Larry Hagman, who spent more than a decade playing TV villain JR Ewing has died at the age of 81, his family says.
Hagman, who had suffered from cancer and cirrhosis of the liver, died in hospital on Friday afternoon, according to a family statement.
"Larry was back in his beloved Dallas, re-enacting the iconic role he loved most," said the family. "He was surrounded by loved ones."
Long-time friend Linda Gray, who played Sue Ellen, was by his bedside.
"Larry Hagman was my best friend for 35 years," said Ms Gray in a statement released by her agent.
"He was the Pied Piper of life and brought joy to everyone he knew. He was creative, generous, funny, loving and talented and I will miss him enormously.
"He was an original and lived life to the full."
Original cast member Victoria Principal, who played Pam Ewing, said Hagman had been "bigger than life, on-screen and off".
"He is unforgettable, and irreplaceable, to millions of fans around the world, and in the hearts of each of us, who was lucky enough to know and love him."
During 13 years as the most scheming oil tycoon in Dallas, JR in his Stetson became one of the most distinctive faces on television screens across the world.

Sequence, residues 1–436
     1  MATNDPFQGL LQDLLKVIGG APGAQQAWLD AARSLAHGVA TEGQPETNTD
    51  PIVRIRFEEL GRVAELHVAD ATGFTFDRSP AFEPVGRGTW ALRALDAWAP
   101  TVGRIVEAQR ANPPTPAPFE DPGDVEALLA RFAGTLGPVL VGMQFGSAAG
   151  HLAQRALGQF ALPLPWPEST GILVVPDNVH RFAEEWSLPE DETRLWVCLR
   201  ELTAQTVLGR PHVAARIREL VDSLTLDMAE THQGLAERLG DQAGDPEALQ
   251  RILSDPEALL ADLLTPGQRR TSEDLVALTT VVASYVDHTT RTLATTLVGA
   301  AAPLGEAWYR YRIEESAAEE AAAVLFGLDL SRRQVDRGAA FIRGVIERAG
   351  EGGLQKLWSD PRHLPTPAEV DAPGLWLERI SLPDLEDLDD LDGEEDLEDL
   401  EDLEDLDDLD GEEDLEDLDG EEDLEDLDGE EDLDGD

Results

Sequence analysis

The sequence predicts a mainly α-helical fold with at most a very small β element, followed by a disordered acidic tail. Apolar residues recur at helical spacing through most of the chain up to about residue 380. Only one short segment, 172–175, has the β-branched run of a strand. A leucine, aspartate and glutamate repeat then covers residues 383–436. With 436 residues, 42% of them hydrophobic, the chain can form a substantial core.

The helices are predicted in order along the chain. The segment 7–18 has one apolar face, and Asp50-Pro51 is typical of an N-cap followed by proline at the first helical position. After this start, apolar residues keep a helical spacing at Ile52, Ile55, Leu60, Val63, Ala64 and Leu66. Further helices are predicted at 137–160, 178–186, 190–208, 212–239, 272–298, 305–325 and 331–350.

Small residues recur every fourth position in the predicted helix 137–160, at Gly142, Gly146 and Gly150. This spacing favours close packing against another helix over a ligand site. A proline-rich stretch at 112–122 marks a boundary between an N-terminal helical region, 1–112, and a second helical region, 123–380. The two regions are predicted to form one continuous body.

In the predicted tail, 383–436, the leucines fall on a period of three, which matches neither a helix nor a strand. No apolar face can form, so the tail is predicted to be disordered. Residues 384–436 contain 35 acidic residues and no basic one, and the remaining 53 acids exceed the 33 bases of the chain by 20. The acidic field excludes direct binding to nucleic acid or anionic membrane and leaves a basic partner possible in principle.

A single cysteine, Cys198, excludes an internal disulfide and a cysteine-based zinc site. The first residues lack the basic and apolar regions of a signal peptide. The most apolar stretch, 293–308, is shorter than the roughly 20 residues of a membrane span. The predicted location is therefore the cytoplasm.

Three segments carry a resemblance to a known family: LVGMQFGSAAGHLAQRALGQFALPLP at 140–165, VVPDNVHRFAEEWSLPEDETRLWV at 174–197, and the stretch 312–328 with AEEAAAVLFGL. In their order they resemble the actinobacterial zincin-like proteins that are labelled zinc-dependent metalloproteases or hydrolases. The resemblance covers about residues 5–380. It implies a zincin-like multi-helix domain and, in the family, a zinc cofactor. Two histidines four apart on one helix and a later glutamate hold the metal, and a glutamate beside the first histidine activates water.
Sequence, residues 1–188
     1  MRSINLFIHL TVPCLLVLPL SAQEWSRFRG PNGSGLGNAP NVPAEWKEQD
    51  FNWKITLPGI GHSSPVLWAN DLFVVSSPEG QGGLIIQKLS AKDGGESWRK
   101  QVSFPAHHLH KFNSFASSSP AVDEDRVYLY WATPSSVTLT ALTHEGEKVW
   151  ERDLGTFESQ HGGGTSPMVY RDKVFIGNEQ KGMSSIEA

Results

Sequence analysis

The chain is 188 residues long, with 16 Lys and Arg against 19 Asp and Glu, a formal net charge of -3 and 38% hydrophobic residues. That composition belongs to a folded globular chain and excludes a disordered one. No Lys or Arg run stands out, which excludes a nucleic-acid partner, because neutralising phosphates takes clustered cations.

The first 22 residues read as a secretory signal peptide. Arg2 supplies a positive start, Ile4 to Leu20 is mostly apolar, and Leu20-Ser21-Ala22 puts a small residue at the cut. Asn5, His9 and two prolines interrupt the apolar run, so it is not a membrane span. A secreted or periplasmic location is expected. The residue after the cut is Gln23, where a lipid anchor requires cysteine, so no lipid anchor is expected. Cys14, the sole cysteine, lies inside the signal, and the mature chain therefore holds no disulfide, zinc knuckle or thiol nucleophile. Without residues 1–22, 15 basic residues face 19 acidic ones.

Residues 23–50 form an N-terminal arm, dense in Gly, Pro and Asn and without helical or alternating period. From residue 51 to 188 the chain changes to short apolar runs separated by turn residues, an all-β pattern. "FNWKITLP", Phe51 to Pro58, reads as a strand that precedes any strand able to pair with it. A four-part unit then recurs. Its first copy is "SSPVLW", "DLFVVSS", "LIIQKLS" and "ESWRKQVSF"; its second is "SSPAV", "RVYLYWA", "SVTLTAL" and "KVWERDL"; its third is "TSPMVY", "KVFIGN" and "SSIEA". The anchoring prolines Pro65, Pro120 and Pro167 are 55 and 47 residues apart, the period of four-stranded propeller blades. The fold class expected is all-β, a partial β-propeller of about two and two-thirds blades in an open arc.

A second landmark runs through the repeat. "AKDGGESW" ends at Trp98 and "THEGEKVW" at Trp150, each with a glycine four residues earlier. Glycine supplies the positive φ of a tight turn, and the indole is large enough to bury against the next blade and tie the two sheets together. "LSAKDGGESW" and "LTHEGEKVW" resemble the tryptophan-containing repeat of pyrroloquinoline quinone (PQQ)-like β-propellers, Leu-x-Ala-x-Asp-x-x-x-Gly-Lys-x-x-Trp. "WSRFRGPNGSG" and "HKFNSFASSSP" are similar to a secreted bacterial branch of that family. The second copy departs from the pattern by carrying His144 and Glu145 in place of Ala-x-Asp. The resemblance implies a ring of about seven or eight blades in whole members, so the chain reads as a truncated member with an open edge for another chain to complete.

It quickly became one of the network's top-rated programmes - with its 356 episodes being seen by an estimated 300 million people in 57 countries - and was revived this year.
Five bottles of champagne
Born in Texas, Hagman later moved to Los Angeles where he was cared for mainly by his grandmother.
After a brief period spent working in the fields, Hagman followed his mother - stage and screen actress Mary Martin - into showbusiness and even toured and played in musicals with her.
Moving into television, he played astronaut Tony Nelson in the 1960s television comedy I Dream of Jeannie.
He first performed as JR Ewing in 1978 and became its highest-paid star, as the programme came to define 1980s excess.
The actor himself owned more than 2,000 cowboy hats, his character's trademark.
When Dallas finally finished in 1991, Hagman went on to appear in hit films Nixon and Primary Colors.
His forthright biography, Hello Darlin', detailed his youthful drug-taking exploits and revealed the extent of his 50-year battle with alcoholism.
Even on the hardworking set of Dallas, he consumed five bottles of champagne a day for years and was finally diagnosed with cirrhosis of the liver in 1992.
Three years later he had a liver transplant and kept a photo of the organ donor above his mirror.
"I say a prayer for him every morning," he said.
Despite this, Hagman continued to drink secretly until a further life-saving operation in 2003 forced him to stop.